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Princeps by L. E. Modesitt – Book Read Part 1
I am about two-fifths of the way through Princeps, the newest book in L. E. Modesitt’s Imager Portfolio and the sequel to Scholar. As with that book, I’m going to be blog-along reading rather than offering a strict review only after I have finished the book. It’s just more fun for me that way.
So the book is not merely a sequel but a direct sequel, by which I mean, the story picks up pretty much right where Scholar left off. We skipped about six weeks of Quaeryt and Vaelora being newlyweds and Quaeryt doing boring administrative work in Tilbor, and that is it for the time lapse between the end of the last book and the start of this one.
The copywriting on the inside flap is laughably brief; to me it is clear this is a book for people who are already reading the series, because that description is not likely to draw in new readers. It’s there to give series readers a slight idea of the story direction before they jump into it, since Modesitt tends to unfold stories slowly.
That is the case here, with what I recall as being a good 50 pages of life in Tilbor before the real story begins, which is what happens when Quaeryt and Vaelora are sent to another province to be the new governors after a devastating volcanic eruption. The larger plot has probably had a few threads laid down already, but I’m not far enough into the story to see how everything will come together or what will ultimately be the biggest conflict of the book. We have encountered proof that the last governor was corrupt, that the local High Holders are invested in being as contrary and quarrelsome as they can get away with, and that rebuilding in the wake of a disaster has to be handled very, very carefully.
So far Quaerty has been up to the challenge, which is no less than I expect of him. He’s also continuing to hone and expand his imaging abilities, and beginning to develop a reputation for himself as being possibly touched by the divine since his imaging is a secret and thus he is surrounded by improbable escapes, extreme strokes of luck, and inexplicable events.
The dynamic between Vaelora and Quaeryt is quite different from that between Rhenn and Seloria in the first Imager trilogy. Much is made about the fact that Vaelora is Lord Bhayar’s sister, and in some ways that status has created a power imbalance in their relationship. To some extent they joke about how he must “always respect” her, but there have been moments where her birth and status have definitely been on display in what she expects of him and their life together. That’s actually not a criticism of the written relationship dynamic, as it strikes me as being pretty realistic. It’s just a way of engaging with the world that is foreign to me as, well, let’s be honest, not a princess…. I am glad to see that Modesitt is including some degree of personal conflict, or at least adjustment for them. That keeps Vaelora from simply being a side-thought, which so far she kind of has been. I look forward to her creating events at some point instead of merely assisting Quaeryt in dealing with events others created.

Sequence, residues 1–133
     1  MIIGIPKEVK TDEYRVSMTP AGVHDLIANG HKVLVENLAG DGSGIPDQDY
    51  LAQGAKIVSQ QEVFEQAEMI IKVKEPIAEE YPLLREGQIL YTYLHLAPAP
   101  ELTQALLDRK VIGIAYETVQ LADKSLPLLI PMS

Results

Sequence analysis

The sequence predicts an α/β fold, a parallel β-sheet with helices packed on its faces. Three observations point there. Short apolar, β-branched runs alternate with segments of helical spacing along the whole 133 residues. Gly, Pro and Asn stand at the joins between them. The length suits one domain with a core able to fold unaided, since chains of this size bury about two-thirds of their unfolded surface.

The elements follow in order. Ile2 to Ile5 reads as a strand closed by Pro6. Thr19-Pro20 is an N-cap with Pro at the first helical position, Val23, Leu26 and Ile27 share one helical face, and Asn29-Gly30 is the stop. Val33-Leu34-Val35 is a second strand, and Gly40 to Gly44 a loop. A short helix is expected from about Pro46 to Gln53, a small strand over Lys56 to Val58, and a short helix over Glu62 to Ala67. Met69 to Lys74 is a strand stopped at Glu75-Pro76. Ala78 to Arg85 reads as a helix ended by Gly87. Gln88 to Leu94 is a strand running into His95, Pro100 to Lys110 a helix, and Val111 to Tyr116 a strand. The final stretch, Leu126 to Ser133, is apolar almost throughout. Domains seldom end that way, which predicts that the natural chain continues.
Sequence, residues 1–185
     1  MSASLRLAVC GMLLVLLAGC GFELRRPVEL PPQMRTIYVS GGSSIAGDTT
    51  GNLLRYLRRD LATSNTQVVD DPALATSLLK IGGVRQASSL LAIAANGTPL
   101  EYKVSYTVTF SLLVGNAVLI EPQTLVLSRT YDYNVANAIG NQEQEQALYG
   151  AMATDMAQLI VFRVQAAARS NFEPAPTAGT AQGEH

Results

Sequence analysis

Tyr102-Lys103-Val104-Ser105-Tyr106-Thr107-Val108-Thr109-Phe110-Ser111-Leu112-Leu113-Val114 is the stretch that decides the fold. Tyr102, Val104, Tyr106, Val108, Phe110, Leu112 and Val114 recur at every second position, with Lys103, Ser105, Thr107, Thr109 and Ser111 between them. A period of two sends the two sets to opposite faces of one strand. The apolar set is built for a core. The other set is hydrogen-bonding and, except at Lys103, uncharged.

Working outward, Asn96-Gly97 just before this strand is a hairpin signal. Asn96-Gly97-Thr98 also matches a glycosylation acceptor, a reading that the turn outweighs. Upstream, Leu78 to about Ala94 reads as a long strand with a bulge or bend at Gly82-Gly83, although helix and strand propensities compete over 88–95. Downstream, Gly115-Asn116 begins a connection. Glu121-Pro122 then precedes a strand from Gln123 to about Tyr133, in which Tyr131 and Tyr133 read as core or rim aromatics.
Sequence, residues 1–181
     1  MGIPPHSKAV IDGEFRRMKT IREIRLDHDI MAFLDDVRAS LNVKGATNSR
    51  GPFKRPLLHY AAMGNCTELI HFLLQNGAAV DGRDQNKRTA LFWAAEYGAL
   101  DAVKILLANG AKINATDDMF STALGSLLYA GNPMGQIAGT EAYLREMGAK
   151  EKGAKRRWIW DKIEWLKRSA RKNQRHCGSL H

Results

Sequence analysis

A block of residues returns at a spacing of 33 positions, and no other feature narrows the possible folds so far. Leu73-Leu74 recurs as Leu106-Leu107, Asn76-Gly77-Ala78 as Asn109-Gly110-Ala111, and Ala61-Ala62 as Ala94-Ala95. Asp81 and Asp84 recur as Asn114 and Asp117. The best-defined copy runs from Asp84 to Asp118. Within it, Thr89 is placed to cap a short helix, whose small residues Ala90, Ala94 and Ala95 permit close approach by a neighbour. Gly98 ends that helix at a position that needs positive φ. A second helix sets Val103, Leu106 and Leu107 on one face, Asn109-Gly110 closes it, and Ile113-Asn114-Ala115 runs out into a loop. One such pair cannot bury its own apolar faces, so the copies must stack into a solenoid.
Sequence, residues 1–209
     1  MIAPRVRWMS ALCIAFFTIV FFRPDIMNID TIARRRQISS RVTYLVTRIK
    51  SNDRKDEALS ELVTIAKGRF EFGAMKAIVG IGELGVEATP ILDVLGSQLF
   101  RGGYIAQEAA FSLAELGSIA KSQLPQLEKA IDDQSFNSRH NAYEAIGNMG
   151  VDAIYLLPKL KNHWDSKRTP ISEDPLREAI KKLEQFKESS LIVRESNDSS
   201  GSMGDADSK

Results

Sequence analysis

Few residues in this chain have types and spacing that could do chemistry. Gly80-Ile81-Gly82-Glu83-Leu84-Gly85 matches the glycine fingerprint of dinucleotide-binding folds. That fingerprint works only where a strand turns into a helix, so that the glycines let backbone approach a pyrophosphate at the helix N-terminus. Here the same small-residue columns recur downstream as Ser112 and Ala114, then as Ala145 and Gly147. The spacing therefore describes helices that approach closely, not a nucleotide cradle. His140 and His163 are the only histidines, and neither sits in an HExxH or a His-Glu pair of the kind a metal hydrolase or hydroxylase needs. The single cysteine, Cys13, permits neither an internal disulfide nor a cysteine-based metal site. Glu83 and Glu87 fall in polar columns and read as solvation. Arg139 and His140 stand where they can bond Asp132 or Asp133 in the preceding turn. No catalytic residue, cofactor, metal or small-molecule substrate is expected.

Cover thoughts…I have mixed feelings about this cover. Of all the Imager Portfolio covers, the only one that made me stop and look twice at the book was the very first one, of Rhenn painting, on the cover of Imager. I have found the rest of the art to be suited to the books but not as eye-catching. This image is a little more eye-catching, but it makes me a little bit uncomfortable because of the allegorical Jesus element. Feeding the masses with one loaf of bread? Wow. That was ballsy. It also makes me wonder if that depiction hints at something still to come in Quaeryt’s character. Much is made in the books of his being very much an agnostic; he actively questions whether any godlike figure exists and believes that even if one does, it will not care what his morality or behavior is. However, he is both gaining a reputation due to unacknowledged imaging and is repeatedly told that he would make an excellent chorister (clergyman), which is a source of distress for him as he feels like a fraud and a hypocrite, inspiring faith in others which he himself does not feel. Does this imply that he will be seen as a saintlike figure or a prophet? A Redeemer? Or was everyone on the art direction team so far removed from religious implications of our world that no one questioned the frame? I mean, something like this seems impossible to have been done by accident, but…I don’t know their lives, as the saying goes. Anyway. That was a long way of saying, the cover catches the eye but also brings up references and associations that confuse me a bit.
So far I’m enjoying the events even though I don’t know enoug h of the big plot to say I’m enjoying the story. Quaeryt continues to be pretty hard-core and ruthless when he needs to be. I both love that he has the conviction to simply act instead of dithering about the moral dilemma and wasting time and opportunities hand-wringing; on the other hand, I wonder if at some point this will become his downfall, his readiness to act. After all, he is going into politics….
To sum up first impressions, I will just go with: up to my expectations for an immediate sequel. I’ll keep you updated as I read more.